Family Benefits

Family benefits are provided under the legislation of all Member States although they vary from one state to another. Despite these differences, the eligibility to family benefits usually depends on the economic status and place of residence, irrespective of the nationality of the family members.

Entire family living in one Member State

If the entire family lives in the same Member State, they qualify to the rights enshrined under the legislation of that state. In other words, they are entitled to the same amount of benefits as nationals.  

In the event of a posted worker who was sent to work in another country for less than 2 years, the home country remains competent for social security coverage during the period of posting. Consequently, the same Member State is responsible to pay the family benefits.

Family members living in different Member States:

The EU Coordination rules provide for priority rules to determine which country takes primary and secondary competence for paying the benefits.   The order of priority is the following:

  1. The country of employment/ self-employment
  2. The country paying the pension
  3. The country of residence

When determining competence, each Member State is guided by these criteria.  The state which is determined as primarily competent pays the full rate of benefits as applicable to nationals, whilst the state determined as secondarily competent pays the difference between the rate payable under its scheme and the rate payable by the state of primary competence.

In the event where both states are competent for paying the benefits, the state where the children reside takes priority.

Family benefits for unemployed persons

Unemployed persons and their family members are entitled to family benefits according to the legislation of the state paying the unemployment benefits.  If the family members reside in a different Member State, the priority rules shall apply.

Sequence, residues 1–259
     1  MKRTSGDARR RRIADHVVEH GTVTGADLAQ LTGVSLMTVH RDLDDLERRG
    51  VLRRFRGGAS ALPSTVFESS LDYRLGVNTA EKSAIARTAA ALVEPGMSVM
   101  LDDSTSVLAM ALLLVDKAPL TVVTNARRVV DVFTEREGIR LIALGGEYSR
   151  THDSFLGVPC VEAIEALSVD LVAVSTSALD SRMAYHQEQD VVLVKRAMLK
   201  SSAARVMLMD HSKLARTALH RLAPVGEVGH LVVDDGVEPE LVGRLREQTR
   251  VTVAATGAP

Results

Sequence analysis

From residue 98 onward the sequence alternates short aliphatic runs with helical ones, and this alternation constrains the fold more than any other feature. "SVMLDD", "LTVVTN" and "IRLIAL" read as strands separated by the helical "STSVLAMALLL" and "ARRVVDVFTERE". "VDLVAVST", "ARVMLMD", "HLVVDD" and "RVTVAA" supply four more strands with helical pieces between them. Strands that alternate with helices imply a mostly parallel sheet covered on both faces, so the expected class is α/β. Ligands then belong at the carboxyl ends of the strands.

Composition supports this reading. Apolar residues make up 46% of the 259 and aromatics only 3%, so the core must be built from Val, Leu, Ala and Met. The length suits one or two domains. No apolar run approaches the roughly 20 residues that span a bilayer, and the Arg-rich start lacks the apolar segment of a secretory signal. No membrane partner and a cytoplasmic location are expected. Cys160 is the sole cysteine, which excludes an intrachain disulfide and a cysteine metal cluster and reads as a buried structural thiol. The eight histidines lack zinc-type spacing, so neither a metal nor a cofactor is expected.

Family benefits for pensioners

Usually pensioners receive family benefits from the state which pays the pension. In case of entitlement to more than one pension, special rules apply.

In terms of the Maltese scheme, the following benefits are considered as Family Benefits:

When a person’s work activity has been confined to the Maltese social security scheme only, or when the periods of insurance completed in Malta are such that the eligibility criteria are satisfied, the national procedures will apply.  However, if a person’s work activity involves one or more EU Member States, the EU rules on social security coordination are applied as outlined in the following scenarios.

Frequently Asked Questions

1. I am living and working in Malta with my partner and children and will soon move to another EU Member State. Will Malta continue to pay my Family Benefits?

No.  Once the whole family moves to another EU Member State, the social security scheme of the other country will become applicable, and benefits would be paid out according to the conditions set out in that scheme.

It is important to inform the Department of Social Security with the date of departure to stop the family benefits payment.  This would avoid incurring in overpaid amounts which would need to be refunded.

2. I am unemployed living in Malta with my children while my partner works on an oilrig based in The Netherlands and pays social security contributions there. Which country pays my Family Benefits?

According to the priority rules, the Member State of employment is primary competent for paying your Family Benefits, in this case The Netherlands.  Malta, as the Member State of residence takes secondary competence for the payment of the benefits.  This means that The Netherlands pays the full rate of benefits due. Subsequently, Malta compares the rate of benefit paid by The Netherlands with the amount due under its scheme and, if this is less than the amount due by The Netherlands, Malta pays the difference between the two amounts.  If the benefits paid by The Netherlands are higher than the Maltese benefits, Malta does not pay family benefits.